The cause of AMD Ryzen 7000X3D burning out has been identified

Previously, reports emerged that individual users encountered sudden failure of their Ryzen 7000X3D series processors, with accompanying images displaying burnt traces on both the processor’s contact points and the motherboard’s socket. Approximately 10 to 12 contact points on the processor were raised, and the corresponding LGA pins on the motherboard socket were deformed. Speculation at the time attributed the issue to the voltage regulation mechanism of these motherboards, which may have pushed the processor’s voltage too high, causing damage.

According to TomsHardware, the problem originates from chip voltages being raised to unsafe levels, potentially caused by preset voltages used in EXPO memory overclocking profiles or users manually adjusting the SoC voltage (to squeeze out more headroom for memory overclocking).

Modern chips frequently operate at their thermal limits, wringing out every last drop of performance within safe boundaries. Under normal circumstances, if a chip’s temperature exceeds safe limits, it will automatically adjust to bring the temperature back down. However, in some cases, excessive SoC voltages can compromise the chip’s thermal sensors and protection mechanisms, eliminating its only means of detecting and protecting itself from overheating. Consequently, the chip continues to operate without a clear understanding of its temperature, leading to physical damage. A recommended safe SoC voltage is 1.25V; raising it to 1.4V or higher significantly increases the likelihood of failure, while a voltage of 1.35V seems “safe,” though users assume the risk.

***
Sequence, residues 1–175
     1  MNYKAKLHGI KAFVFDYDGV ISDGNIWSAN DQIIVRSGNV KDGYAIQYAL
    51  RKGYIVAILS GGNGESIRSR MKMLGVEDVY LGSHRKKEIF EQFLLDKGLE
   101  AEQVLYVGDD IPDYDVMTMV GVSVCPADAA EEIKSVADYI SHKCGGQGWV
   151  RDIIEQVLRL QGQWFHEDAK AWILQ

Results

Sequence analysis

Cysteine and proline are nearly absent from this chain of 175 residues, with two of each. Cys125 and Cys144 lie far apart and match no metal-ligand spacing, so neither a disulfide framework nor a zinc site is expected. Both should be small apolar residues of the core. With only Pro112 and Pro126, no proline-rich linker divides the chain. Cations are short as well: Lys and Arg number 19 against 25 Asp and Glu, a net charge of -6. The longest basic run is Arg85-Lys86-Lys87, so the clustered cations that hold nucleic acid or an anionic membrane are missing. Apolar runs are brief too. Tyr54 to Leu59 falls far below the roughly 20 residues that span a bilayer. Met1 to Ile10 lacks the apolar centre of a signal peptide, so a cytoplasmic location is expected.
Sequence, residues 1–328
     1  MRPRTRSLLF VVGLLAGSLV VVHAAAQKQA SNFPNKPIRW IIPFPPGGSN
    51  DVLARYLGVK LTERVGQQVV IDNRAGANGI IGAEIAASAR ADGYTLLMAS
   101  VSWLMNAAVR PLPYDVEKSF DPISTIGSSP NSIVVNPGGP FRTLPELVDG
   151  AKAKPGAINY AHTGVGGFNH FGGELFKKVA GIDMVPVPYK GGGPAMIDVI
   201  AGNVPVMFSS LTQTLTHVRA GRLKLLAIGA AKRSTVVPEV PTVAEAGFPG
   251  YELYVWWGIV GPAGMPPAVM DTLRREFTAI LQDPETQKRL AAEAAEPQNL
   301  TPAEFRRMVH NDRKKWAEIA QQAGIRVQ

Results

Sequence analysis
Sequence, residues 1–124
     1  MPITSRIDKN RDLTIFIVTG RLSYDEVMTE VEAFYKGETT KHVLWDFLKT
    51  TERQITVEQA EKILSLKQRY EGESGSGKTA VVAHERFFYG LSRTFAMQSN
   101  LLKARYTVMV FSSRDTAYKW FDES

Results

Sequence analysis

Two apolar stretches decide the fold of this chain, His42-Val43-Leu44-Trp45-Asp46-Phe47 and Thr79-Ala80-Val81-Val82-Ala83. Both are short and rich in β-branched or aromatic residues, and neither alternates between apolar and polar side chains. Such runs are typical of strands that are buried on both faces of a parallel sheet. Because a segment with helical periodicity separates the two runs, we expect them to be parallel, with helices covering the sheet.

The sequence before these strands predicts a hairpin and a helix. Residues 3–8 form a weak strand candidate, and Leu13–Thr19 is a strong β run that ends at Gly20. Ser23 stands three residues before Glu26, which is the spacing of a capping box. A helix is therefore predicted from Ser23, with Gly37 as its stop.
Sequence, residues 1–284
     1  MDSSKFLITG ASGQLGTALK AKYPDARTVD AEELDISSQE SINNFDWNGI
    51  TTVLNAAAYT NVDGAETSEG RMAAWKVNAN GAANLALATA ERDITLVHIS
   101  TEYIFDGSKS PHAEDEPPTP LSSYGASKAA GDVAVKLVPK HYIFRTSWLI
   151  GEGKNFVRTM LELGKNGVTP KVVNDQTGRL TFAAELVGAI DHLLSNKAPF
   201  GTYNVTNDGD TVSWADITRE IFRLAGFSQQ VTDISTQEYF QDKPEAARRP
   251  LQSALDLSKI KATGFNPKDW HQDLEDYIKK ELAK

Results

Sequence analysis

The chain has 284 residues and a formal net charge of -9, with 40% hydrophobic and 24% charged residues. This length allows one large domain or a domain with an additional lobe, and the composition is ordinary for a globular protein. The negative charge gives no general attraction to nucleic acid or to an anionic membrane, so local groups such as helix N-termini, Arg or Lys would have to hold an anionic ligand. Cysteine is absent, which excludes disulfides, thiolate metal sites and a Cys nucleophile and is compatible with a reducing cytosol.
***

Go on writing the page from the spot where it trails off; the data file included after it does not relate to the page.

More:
It is understood that this issue may also affect regular Ryzen 7000 series processors, although the 7000X3D series is more sensitive, and the root causes for both chips may differ. All motherboard brands, including ASUS, MSI, Gigabyte, ASRock, and Biostar, may encounter such problems.

AMD is expected to release a fix soon, although the exact timeline remains uncertain. The solution may include voltage limits or locks in firmware/SMU, which should prevent EXPO memory profiles and simple BIOS operations from exceeding undefined limits. The challenge, however, lies in the fact that AMD’s locking mechanism cannot entirely block SoC voltage manipulation, as the voltage supplied to the chip is determined by the VRM, leaving room for motherboard manufacturers to allow voltage fluctuations. Some motherboard manufacturers have already released updated BIOS versions to address this issue in part.